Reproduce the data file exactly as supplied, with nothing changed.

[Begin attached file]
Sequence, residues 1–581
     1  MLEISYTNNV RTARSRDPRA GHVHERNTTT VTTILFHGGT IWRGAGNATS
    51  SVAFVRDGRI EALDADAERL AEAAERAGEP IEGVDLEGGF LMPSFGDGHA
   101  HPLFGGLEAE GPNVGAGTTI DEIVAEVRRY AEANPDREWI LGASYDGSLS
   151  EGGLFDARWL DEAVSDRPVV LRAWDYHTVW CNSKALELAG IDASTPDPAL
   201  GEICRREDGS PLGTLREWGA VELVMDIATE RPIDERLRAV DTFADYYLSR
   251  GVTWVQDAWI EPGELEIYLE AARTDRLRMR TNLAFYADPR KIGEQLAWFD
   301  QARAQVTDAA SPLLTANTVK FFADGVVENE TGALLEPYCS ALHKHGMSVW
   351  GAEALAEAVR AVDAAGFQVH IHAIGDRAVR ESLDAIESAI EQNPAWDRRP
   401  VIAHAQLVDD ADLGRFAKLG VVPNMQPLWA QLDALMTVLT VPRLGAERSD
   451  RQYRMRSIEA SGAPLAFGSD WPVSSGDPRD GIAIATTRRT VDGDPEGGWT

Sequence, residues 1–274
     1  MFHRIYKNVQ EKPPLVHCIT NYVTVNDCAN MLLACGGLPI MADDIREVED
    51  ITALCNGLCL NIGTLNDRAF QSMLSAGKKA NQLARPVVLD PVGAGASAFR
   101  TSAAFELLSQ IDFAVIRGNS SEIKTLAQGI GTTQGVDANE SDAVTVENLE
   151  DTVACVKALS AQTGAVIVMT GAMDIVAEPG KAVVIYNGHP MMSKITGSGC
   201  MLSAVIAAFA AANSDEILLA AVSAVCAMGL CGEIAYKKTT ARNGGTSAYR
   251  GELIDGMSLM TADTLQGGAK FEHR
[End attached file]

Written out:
Sequence, residues 1–581
     1  MLEISYTNNV RTARSRDPRA GHVHERNTTT VTTILFHGGT IWRGAGNATS
    51  SVAFVRDGRI EALDADAERL AEAAERAGEP IEGVDLEGGF LMPSFGDGHA
   101  HPLFGGLEAE GPNVGAGTTI DEIVAEVRRY AEANPDREWI LGASYDGSLS
   151  EGGLFDARWL DEAVSDRPVV LRAWDYHTVW CNSKALELAG IDASTPDPAL
   201  GEICRREDGS PLGTLREWGA VELVMDIATE RPIDERLRAV DTFADYYLSR
   251  GVTWVQDAWI EPGELEIYLE AARTDRLRMR TNLAFYADPR KIGEQLAWFD
   301  QARAQVTDAA SPLLTANTVK FFADGVVENE TGALLEPYCS ALHKHGMSVW
   351  GAEALAEAVR AVDAAGFQVH IHAIGDRAVR ESLDAIESAI EQNPAWDRRP
   401  VIAHAQLVDD ADLGRFAKLG VVPNMQPLWA QLDALMTVLT VPRLGAERSD
   451  RQYRMRSIEA SGAPLAFGSD WPVSSGDPRD GIAIATTRRT VDGDPEGGWT

Sequence, residues 1–274
     1  MFHRIYKNVQ EKPPLVHCIT NYVTVNDCAN MLLACGGLPI MADDIREVED
    51  ITALCNGLCL NIGTLNDRAF QSMLSAGKKA NQLARPVVLD PVGAGASAFR
   101  TSAAFELLSQ IDFAVIRGNS SEIKTLAQGI GTTQGVDANE SDAVTVENLE
   151  DTVACVKALS AQTGAVIVMT GAMDIVAEPG KAVVIYNGHP MMSKITGSGC
   201  MLSAVIAAFA AANSDEILLA AVSAVCAMGL CGEIAYKKTT ARNGGTSAYR
   251  GELIDGMSLM TADTLQGGAK FEHR